In Your 40s

It is at this life stage that many people begin to experience sleep disorders like sleep apnea and insomnia for the first time. In fact, people in their 40s reportedly get the least sleep out of everyone. Sleep is a mirror of your health, and maintaining a healthy diet and exercise routine play major roles in how well you rest at night. That’s why, once you hit your 40s, it becomes more important than ever to make a conscious effort to maintain healthy lifestyle habits. 

Soak Up Some Rays

Your circadian rhythm is influenced by your exposure to sunlight. If you find yourself struggling to sleep, there’s a chance you aren’t spending enough time in the sun. At least 30 minutes of exposure to natural sunlight has a major effect on your body’s internal clock and your ability to get a good night’s sleep (but don’t forget the sunscreen!).

Mind Your Diet

Avoid heavy meals, caffeine, nicotine, alcohol and spicy foods close to bedtime to prevent discomfort and indigestion. Try to eat at consistent times each day, as this can play a role in your sleep cycle. You can also check out our blog on sleep-boosting foods to incorporate into your nightly meals.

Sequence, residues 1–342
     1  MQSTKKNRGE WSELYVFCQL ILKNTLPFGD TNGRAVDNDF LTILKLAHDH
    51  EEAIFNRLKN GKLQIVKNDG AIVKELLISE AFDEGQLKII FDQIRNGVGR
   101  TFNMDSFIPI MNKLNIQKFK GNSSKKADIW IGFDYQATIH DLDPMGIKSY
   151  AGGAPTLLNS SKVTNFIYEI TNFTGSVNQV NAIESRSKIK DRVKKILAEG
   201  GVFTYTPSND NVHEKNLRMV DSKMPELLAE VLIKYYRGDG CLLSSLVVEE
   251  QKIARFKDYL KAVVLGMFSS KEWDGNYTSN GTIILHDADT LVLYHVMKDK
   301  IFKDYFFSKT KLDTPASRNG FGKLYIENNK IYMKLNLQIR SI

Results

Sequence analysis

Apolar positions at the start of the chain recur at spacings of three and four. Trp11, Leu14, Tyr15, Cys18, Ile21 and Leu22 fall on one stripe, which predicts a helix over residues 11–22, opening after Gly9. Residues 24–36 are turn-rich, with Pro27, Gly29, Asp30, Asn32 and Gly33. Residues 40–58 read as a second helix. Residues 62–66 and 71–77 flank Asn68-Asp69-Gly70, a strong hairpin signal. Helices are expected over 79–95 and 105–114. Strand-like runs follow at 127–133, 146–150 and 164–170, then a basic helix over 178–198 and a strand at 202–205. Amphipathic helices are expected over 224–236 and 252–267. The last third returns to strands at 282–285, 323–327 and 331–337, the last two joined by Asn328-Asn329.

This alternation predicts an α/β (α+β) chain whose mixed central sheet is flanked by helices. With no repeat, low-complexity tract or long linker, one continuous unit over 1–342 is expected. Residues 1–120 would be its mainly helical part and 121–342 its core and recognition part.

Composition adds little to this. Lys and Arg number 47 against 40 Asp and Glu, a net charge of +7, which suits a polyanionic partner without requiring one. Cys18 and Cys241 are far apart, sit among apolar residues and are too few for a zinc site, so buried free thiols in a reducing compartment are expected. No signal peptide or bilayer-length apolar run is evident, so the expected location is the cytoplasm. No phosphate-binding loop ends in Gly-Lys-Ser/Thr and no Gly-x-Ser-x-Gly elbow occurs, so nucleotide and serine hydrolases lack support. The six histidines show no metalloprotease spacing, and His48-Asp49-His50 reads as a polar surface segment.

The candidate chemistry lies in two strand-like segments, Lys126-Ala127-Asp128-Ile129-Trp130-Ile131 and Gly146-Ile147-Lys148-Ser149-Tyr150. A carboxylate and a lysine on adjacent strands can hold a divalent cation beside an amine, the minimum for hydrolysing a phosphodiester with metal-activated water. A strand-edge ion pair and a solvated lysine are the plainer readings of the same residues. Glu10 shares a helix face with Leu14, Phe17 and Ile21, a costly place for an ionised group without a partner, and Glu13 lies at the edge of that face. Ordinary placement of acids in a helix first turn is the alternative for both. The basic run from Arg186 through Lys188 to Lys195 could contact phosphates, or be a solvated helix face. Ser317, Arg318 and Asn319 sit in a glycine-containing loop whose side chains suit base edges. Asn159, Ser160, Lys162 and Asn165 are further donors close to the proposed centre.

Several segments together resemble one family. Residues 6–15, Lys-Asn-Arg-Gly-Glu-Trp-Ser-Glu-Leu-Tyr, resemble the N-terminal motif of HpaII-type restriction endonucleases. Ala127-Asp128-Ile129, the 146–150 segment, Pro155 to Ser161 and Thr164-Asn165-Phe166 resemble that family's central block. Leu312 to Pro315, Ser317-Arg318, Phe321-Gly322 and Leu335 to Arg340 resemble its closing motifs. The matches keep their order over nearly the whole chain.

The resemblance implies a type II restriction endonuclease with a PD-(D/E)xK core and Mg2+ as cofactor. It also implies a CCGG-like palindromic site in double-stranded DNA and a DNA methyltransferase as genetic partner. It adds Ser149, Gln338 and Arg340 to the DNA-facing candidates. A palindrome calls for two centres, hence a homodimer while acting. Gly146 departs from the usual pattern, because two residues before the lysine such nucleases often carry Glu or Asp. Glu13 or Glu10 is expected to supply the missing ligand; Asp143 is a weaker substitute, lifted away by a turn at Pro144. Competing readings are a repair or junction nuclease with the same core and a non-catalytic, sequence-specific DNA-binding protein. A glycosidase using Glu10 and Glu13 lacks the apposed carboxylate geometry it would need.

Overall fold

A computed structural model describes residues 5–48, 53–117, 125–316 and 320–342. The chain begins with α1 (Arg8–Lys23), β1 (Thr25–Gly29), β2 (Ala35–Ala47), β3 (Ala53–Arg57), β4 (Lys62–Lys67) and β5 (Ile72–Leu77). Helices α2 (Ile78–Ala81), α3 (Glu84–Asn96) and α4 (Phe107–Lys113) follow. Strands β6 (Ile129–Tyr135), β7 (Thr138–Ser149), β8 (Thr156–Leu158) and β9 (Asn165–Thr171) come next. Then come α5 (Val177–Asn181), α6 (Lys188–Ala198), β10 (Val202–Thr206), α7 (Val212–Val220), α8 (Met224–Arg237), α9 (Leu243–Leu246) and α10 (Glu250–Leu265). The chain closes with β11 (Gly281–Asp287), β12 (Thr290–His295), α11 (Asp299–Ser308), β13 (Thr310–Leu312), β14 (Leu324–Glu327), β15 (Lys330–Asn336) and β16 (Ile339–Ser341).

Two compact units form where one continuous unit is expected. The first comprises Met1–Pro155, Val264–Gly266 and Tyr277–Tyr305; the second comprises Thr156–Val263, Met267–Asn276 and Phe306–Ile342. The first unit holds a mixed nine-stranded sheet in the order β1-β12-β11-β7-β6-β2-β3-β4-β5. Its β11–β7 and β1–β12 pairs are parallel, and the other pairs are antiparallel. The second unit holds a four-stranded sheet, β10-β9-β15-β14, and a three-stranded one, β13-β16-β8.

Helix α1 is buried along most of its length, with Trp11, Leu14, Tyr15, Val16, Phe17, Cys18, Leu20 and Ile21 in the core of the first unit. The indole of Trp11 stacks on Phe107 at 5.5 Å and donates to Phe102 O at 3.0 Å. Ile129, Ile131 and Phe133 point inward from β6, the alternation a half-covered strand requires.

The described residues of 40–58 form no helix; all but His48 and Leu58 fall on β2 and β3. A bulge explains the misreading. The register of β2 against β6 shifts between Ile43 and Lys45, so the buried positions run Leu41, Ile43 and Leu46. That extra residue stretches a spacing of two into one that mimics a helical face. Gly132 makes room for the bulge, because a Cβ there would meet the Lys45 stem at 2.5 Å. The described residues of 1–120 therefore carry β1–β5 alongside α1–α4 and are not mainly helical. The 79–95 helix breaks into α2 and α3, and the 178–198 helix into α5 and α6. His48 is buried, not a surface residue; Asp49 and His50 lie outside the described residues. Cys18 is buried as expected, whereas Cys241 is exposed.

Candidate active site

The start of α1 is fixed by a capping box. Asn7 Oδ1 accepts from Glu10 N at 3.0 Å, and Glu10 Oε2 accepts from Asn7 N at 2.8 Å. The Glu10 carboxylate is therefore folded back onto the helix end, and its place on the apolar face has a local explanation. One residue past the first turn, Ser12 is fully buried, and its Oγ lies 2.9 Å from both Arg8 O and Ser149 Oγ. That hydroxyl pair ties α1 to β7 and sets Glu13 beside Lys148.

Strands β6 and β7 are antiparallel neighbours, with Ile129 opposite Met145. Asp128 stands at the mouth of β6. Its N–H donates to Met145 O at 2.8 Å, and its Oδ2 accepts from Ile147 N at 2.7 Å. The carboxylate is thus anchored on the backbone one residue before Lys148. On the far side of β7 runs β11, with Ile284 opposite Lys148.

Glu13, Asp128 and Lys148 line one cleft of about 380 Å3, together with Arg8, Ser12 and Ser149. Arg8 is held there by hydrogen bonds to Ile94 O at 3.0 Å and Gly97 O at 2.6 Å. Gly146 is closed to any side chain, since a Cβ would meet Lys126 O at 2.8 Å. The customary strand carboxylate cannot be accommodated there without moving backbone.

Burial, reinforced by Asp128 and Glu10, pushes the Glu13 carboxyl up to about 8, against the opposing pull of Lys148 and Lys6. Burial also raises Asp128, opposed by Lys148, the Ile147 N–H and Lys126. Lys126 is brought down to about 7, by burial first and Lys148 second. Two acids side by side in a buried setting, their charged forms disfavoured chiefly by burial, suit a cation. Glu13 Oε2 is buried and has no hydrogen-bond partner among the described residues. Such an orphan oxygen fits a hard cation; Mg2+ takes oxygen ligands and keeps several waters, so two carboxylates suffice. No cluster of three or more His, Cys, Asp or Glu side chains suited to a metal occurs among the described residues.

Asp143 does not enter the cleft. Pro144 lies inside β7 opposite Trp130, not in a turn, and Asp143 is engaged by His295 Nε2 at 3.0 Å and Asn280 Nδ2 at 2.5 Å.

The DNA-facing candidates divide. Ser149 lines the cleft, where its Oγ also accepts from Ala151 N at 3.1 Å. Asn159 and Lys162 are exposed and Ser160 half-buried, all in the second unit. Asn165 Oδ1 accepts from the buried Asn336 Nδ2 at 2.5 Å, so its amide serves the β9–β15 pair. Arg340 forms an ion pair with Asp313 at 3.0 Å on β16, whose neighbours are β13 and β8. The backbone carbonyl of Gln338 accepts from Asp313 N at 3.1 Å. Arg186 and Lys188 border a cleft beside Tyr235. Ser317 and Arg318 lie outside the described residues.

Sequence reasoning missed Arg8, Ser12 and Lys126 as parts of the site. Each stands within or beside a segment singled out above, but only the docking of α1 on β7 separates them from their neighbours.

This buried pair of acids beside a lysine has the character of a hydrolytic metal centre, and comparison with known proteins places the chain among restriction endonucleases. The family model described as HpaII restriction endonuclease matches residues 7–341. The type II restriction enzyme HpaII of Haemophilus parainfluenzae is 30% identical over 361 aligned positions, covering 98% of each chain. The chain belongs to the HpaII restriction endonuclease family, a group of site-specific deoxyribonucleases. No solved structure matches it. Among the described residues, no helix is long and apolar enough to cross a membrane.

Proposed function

Stay Active

Regular exercise decreases your risk of sleep conditions like sleep apnea. Aim for at least 30 minutes of exercise per day, 5 days per week for the best results. Try to avoid vigorous workouts too close to bedtime, and do some yoga or Tai Chi instead. 

In Your 50s

Many women going through menopause experience significant sleep troubles during this decade of life. Over a quarter of all women going through menopause report suffering from insomnia. 

During your 50s, you may also experience physical changes to portions of your brain that reduce your melatonin production and increase your cortisol (stress hormone) levels, resulting in poor sleep quality. Due to this, you might find yourself struggling to get to sleep, or waking up frequently throughout the night. 

Adapt to Changing Sleep Patterns

Adjust your sleep schedule to accommodate natural changes in sleep patterns that may come with age. This may include limiting your naps to only 30 minutes at a time, and trying to keep to regular hours by going to bed and getting up at the same time each day. 

Keep it Cool

Did you know that nightmares function to force you awake when your body is overheating while you sleep? Your body temperature plays a huge role in your sleep quality. Menopause and other hormonal changes can disrupt your body’s ability to regulate heat, and you might even experience hot flashes while you’re trying to sleep. Do your best to get your sleep environment nice and cool and avoid heavy night clothes and blankets to avoid the night sweats.